Friday Lit Links — Week of May 25
News, Reviews, and Interviews
The Man Booker International Prize has been awarded toPolish novelist Olga Tokarczuk’s Flights, which will be reviewed in our July issue. We also took a look at some of the other nominees.
Writing for Korean Literature Now, Kang Yu-jung investigates Korean historical fiction, including Han Kang’s Human Acts. WLTfeatured the article “Korean Literature and Returning Catastrophe”in our March 2017 issue.
Check out the podcastShe’s in Russia, which chronicles all that’s going on in the current Cold War. On the latest episode, Alisa Ganieva speaksabout her upcoming neo-noir detective novel as well as the current state of patriotism in Russia. Alisa Ganieva was ajuror for the upcoming 2018 Neustadt Prize,and her second novel,Bride and Groom, was thefeatured reviewin the November 2017 issue.
Philip Roth died this week, and the write-ups were of course numerous. Dwight Garner, critic for theNew York Times, provided a particularly notable one. Also, a timely defenseof Roth’s medium.
The Nebula Awards this week honored the bestin the past year’s science fiction and fantasy.
Poet Terrance Hayes has a new collection of poetryout next month, and he sat down with LitHubto discuss this and many other things.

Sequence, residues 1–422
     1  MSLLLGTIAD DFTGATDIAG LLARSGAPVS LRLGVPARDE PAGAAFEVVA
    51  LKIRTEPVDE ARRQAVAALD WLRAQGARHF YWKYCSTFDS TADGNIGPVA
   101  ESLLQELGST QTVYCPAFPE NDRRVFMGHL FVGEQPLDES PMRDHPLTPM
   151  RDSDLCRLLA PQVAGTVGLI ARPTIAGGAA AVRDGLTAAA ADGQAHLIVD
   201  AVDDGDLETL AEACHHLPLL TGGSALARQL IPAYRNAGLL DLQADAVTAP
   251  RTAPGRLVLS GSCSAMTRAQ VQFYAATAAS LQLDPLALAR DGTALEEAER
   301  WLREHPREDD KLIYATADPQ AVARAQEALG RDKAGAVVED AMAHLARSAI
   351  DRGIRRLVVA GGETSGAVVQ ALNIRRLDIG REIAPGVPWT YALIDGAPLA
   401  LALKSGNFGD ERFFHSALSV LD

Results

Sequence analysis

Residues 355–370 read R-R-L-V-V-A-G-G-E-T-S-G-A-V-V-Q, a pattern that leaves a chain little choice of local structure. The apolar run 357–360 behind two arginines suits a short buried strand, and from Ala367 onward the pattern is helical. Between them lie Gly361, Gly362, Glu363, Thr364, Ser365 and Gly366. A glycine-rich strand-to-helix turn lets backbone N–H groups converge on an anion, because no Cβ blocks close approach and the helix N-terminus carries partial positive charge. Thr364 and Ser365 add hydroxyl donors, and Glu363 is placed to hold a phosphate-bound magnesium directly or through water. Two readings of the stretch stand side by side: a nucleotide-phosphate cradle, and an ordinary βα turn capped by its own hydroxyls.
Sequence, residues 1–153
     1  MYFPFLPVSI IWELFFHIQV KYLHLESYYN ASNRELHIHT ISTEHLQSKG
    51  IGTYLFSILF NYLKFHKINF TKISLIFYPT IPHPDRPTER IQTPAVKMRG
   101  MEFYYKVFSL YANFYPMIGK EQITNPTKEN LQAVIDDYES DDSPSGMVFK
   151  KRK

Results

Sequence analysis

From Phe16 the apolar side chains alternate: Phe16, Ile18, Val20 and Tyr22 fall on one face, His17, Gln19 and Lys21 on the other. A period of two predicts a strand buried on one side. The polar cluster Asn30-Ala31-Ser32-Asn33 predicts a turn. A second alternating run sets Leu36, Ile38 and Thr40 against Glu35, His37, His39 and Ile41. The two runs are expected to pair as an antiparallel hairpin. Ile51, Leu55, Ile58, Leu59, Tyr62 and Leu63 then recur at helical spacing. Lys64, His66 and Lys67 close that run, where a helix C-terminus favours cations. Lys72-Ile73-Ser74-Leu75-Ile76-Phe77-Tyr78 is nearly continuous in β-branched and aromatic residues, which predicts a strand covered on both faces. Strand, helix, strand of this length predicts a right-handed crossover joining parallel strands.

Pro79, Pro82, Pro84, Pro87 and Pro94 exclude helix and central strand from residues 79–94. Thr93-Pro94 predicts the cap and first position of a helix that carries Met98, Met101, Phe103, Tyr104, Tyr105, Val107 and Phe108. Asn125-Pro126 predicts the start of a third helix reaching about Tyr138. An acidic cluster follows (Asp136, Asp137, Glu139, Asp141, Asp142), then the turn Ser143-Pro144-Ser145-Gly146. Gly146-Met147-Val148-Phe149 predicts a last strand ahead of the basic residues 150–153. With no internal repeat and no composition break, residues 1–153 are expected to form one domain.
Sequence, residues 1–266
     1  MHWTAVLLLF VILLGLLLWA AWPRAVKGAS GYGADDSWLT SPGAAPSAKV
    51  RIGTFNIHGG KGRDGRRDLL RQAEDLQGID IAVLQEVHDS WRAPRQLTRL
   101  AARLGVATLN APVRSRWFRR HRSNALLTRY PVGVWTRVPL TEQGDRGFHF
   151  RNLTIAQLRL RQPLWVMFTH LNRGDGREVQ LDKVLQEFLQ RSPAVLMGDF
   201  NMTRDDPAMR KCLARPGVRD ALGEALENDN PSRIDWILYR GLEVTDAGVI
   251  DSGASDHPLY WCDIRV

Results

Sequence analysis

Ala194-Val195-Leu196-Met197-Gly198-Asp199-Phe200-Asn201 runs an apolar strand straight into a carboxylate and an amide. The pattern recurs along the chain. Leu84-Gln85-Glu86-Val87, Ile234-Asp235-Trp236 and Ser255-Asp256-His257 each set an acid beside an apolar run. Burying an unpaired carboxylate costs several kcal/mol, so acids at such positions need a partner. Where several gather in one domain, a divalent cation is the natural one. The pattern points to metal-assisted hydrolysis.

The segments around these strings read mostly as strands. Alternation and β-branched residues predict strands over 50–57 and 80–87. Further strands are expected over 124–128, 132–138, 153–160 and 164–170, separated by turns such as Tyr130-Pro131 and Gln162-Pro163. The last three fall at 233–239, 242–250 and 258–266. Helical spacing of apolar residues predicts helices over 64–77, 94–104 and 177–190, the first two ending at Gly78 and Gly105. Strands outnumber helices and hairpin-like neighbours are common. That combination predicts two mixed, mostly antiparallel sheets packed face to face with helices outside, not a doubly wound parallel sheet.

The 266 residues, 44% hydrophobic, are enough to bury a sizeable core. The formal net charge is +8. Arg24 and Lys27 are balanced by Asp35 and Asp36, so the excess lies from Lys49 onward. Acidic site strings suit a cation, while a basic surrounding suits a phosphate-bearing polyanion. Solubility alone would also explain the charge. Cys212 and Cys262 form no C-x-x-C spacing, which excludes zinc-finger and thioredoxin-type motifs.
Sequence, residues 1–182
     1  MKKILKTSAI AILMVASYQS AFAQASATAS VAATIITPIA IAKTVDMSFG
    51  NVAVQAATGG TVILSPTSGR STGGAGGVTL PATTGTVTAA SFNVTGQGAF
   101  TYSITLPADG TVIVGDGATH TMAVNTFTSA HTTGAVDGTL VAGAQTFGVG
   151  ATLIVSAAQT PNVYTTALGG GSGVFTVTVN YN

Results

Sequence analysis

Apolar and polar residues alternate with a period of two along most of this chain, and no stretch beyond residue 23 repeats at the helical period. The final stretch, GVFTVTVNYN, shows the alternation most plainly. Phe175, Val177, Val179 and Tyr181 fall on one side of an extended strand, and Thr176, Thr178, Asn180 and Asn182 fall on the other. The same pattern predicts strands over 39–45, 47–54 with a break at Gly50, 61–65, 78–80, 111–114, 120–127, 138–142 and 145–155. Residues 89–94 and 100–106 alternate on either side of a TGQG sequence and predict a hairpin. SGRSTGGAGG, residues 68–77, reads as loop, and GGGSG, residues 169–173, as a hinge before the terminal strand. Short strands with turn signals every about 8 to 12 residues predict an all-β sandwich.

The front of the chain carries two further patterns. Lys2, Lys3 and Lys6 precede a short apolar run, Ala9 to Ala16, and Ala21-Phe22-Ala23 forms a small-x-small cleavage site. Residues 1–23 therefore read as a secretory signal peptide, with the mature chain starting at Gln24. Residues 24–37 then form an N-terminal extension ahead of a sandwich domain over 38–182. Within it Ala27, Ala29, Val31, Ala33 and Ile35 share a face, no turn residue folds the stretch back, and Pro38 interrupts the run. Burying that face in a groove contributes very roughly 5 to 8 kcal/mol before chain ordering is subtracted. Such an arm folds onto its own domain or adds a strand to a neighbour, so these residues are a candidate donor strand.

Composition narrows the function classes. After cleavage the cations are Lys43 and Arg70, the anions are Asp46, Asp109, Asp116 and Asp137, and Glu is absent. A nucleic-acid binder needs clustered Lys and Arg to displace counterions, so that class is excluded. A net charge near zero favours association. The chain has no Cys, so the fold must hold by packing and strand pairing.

Don’t forget to catch the Freedom of Expressiongathering in Istanbul this weekend, which is being held online-only for the first time in twenty-one years.
Fun Finds and Inspiration
If you’ll be near WLTheadquarters in Oklahoma City mid-June, come hear Tracy K. Smith,the 22nd poet laureate of the United States, and current Oklahoma state poet laureate Jeanetta Calhoun Mishgive a free reading to the public on June 14.
The 2018 Cannes Film Festivalwrapped up last week, with the Palme d’Or going to the Japanese film Shoplifters. Another film that screened was Terry Gilliam’s long-awaited The Man Who Killed Don Quixote. Keep an eye out in our July issue for a Borgesian essay on a Chinese translator of Cervantes’s classic novel.
If you like crime writing, this (part one of two) investigative pieceby theNew York Timesand ProPublica is absolutely chilling.
And finally, Merriam-Webster wants to know how familiar you are with the vocabulary of Vladimir Nabokov.